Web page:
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Andre Schuerrle's breakthrough performance for Germany on Tuesday means that Lukas Podolski's starting role may soon come into question.

Tuesday’s 2-1 loss to Australia may not have been Germany’s proudest moment, but for every loss there is a lesson, and coach Joachim Loew confirmed this much after the game. “I think the players, even the experienced ones, thought the game was won [after the first half]. Young payers can learn from such a match,” he told reporters.

Having made eight changes to the side that beat Kazakhstan 4-0 on Saturday, Loew took a considerable gamble, and won. Not in sporting terms, of course: a meaningless friendly was never going to yield such dividends, regardless of the result. Instead, his squad experimentation revealed a formidable partnership: that of Thomas Mueller and Andre Schuerrle.

In the first half, Schuerrle and Mueller combined again and again; it was almost as though they had a telepathic understanding. Not just their passing, but their runs complemented one another perfectly. The way Mueller played a decoy to pull out a defender and the way Schuerrle attacked the open void ahead of Mario Gomez’s opener was suggestive of a pair of players that had long worked together. And to think, Schuerrle and Mueller have only had a handful of training sessions together.

For months, it has been speculated as to who will be Loew’s vice-Oezil, a deputy for the talismanic Real Madrid playmaker. Mario Goetze and Lewis Holtby have been slated as candidates, but the emergence of Schuerrle has allowed Loew to continue to use his favoured type of winger on both flanks, with Mueller in the familiar central role he occupies at Bayern Munich.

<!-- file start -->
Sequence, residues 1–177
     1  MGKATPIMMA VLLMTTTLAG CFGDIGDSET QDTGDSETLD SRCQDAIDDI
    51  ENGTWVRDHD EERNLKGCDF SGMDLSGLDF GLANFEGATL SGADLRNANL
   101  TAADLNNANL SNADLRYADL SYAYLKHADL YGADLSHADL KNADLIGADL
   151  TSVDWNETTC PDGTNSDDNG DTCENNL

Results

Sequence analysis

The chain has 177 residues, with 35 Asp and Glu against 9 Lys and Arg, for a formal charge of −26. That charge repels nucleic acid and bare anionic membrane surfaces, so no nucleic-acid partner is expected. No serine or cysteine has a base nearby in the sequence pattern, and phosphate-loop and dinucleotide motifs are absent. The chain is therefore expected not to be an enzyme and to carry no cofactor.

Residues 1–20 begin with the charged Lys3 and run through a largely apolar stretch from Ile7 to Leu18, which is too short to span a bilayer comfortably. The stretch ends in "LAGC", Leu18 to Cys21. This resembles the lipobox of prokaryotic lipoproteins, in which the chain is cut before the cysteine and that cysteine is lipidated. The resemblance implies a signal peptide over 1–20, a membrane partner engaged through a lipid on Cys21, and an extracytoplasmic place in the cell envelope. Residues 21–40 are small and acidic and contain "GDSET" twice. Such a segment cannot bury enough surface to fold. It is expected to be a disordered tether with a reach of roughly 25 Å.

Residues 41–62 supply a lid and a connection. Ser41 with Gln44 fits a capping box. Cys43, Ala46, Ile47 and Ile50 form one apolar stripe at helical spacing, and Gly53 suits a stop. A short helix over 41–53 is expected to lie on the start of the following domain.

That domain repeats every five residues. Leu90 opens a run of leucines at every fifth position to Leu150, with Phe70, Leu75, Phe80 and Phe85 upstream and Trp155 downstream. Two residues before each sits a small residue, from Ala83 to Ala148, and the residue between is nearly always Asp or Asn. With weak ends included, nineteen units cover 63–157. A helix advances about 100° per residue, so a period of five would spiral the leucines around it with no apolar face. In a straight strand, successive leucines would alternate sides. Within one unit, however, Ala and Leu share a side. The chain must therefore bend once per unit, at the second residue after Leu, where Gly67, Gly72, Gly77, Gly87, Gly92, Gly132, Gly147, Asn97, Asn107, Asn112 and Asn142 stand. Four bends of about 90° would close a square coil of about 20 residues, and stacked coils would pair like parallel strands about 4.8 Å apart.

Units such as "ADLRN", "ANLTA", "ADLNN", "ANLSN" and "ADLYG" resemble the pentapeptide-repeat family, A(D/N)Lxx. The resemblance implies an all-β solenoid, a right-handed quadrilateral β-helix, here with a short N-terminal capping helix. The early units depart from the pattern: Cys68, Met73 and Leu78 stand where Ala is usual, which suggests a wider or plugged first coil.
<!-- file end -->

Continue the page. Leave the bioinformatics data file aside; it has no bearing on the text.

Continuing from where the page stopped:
Out on the left, Lukas 'Prinz Poldi' Podolski can only shift nervously on his throne. The Koeln man capped off a poor international break with a very disappointing display against Australia, in which he could only be described as “goal-shy.” The 25-year-old found himself in dangerous positions on several occasions, but made the wrong decisions in front of goal. These decisions ultimately cost Germany the game. Moreover, Podolski’s connection with his teammates was just not up to par. Mueller could just as easily have drifted left to work with Podolski, but instead he trended to the right to link with Schuerrle.

In the past, Loew has been reluctant to replace Podolski - regardless of form - in part because the player’s attributes were not replicable by any other players in his squad. Above all, Loew prefers fast, powerful wide players who have the technique and creativity to play in midfield, the work rate to defend deep, and the finishing ability of a striker. Players like Marko Marin and even Sidney Sam, good as they may be, could never replace Podolski simply due to their different attributes. But Schuerrle, Germany’s best player on Tuesday, can.

The one factor Germany missed on Tuesday was a world class ball player to set the Schuerrle/Mueller machine in motion. But that will be no problem for Germany in the future; Oezil will start and Mueller will return to the right-sided position in which he thrived at the 2010 World Cup. The real question now is: who will be on the left? Podolski, or Schuerrle? A challenger for the Prinz’s throne has finally emerged: the stage is now set for a real battle ahead of Euro 2012.

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